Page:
Contacting the Further Submissions Unit

Legal Updates

If you have evidence you wish to submit to the Home Office to consider as a fresh claim after you are “appeal rights exhausted”, in most cases you need to make an appointment to submit the evidence in person at the Further Submissions Unit in Liverpool.

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Human rights cases: medical grounds

Legal Updates

In this context, we are talking about someone seeking the right to stay in the UK because they need medical treatment that is not available to them in their country of origin.

Cases involving human rights/medical grounds are particularly complicated, and often very distressing. 

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Thinking about evidence in family life, rights of the child cases

Legal Updates

At one of the training sessions we ran this week with volunteers who are keen to learn more and do more for people seeking the right to remain in the UK – we looked at evidence.  What ‘evidence’ means, in the context of asylum, immigration and human rights cases.  How someone can get this evidence, and how others can help them.  We discussed how important documentary evidence is, when so many legal cases are refused on the basis of credibility – the Home Office or the courts don’t believe you are telling the truth.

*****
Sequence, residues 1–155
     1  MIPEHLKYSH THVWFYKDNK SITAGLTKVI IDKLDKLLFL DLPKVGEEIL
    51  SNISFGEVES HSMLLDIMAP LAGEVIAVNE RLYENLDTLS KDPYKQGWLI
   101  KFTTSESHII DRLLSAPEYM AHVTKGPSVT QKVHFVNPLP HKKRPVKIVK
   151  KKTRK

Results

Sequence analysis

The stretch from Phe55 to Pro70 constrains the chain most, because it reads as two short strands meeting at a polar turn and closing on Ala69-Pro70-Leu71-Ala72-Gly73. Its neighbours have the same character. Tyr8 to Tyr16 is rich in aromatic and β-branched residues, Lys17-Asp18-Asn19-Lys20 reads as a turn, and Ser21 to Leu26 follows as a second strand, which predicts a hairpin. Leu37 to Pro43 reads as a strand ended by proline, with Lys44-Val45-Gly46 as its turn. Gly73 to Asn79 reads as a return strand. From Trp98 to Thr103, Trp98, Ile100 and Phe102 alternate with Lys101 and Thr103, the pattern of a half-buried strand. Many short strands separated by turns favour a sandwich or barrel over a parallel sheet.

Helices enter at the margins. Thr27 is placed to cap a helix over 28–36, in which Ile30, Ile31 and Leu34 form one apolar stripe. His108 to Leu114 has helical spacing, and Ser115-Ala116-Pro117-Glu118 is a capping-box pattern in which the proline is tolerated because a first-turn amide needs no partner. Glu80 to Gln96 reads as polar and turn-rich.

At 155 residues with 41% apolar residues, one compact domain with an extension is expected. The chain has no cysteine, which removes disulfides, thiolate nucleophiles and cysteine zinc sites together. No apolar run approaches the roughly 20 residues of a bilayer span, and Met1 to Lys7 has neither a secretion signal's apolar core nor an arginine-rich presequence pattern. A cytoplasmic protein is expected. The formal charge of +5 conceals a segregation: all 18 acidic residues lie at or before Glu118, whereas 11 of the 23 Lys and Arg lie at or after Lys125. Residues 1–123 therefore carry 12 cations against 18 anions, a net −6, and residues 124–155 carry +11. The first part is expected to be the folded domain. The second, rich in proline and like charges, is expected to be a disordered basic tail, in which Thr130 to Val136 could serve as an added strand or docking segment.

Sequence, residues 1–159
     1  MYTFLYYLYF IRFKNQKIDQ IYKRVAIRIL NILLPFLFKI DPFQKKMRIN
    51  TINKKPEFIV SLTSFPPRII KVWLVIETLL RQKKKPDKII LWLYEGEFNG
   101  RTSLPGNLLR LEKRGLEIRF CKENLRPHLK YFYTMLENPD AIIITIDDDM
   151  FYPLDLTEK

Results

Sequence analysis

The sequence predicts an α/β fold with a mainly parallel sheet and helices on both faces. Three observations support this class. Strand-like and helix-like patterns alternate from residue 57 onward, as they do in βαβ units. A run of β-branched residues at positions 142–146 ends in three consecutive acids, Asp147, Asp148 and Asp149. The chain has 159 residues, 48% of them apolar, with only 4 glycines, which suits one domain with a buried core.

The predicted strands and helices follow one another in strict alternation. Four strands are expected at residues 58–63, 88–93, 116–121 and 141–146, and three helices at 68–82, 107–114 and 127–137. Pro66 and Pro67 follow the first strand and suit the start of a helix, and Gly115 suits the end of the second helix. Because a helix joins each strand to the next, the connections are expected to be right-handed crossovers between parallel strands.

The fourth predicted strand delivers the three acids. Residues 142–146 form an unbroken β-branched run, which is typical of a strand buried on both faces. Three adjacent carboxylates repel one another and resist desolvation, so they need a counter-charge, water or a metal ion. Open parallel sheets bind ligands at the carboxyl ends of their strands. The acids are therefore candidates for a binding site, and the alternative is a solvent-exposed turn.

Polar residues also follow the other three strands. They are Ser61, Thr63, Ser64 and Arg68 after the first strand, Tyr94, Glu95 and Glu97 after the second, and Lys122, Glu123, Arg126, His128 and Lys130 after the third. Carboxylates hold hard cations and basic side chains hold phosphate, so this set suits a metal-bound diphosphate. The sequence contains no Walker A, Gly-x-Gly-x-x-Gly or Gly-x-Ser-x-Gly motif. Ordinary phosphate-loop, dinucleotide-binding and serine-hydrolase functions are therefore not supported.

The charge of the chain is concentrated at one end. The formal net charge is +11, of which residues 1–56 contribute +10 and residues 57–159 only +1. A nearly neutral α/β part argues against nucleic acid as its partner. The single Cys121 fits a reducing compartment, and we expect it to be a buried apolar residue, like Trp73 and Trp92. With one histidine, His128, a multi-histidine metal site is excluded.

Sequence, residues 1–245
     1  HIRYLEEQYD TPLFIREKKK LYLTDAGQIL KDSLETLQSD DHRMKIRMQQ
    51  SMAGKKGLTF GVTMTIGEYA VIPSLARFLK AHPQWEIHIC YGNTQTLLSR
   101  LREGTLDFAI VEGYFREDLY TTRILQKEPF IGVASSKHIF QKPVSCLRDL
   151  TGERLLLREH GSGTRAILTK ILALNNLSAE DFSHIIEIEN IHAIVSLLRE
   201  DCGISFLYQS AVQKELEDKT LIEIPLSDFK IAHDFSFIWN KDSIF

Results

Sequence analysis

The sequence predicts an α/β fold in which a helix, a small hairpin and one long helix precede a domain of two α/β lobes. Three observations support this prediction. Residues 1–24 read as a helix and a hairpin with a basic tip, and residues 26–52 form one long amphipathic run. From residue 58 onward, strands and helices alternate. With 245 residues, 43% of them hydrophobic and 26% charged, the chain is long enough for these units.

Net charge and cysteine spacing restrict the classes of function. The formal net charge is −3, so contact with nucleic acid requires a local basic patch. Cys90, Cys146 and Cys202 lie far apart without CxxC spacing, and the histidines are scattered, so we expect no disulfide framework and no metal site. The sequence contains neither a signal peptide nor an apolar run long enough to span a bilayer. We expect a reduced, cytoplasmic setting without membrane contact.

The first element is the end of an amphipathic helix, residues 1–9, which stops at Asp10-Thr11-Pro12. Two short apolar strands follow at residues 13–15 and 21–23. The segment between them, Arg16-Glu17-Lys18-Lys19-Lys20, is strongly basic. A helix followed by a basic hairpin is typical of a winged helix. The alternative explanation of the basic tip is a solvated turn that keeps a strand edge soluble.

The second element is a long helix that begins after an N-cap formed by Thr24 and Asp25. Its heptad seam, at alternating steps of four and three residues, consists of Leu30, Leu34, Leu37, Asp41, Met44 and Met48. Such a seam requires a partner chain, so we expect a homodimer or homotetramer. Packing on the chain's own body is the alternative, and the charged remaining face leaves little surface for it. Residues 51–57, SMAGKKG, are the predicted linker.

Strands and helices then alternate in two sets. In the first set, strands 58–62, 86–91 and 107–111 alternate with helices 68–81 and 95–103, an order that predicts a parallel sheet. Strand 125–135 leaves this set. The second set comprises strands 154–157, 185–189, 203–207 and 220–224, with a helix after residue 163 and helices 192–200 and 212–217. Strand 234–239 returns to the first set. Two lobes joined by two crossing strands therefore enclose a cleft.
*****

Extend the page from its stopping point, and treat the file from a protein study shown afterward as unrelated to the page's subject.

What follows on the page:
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Out-of-country appeals

Legal Updates

Not all immigration decisions have the right of appeal in the UK.

There is currently only the right of appeal within the UK if the Home Office refuse an application based on: an “international protection” claim (asylum or Humanitarian Protection applications); a decision to revoke refugee status or humanitarian protection; a decision that you have no right to remain under European law; or a human rights claim.

And not all applications based on human rights or protection grounds have a right of appeal in the UK.

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Surviving Disbelief & Denial: women in the asylum appeals process

Legal Updates

The vast majority of women seeking asylum in Britain are survivors, too. They need to go to court to win their right to asylum. They are subjected not only to the toxic culture of disbelief confronting British survivors but to a deeply embedded culture of denial underpinned by racist and anti-refugee sentiment. And a new report by Asylum Aid is set to reveal how thoroughly that system is failing them.

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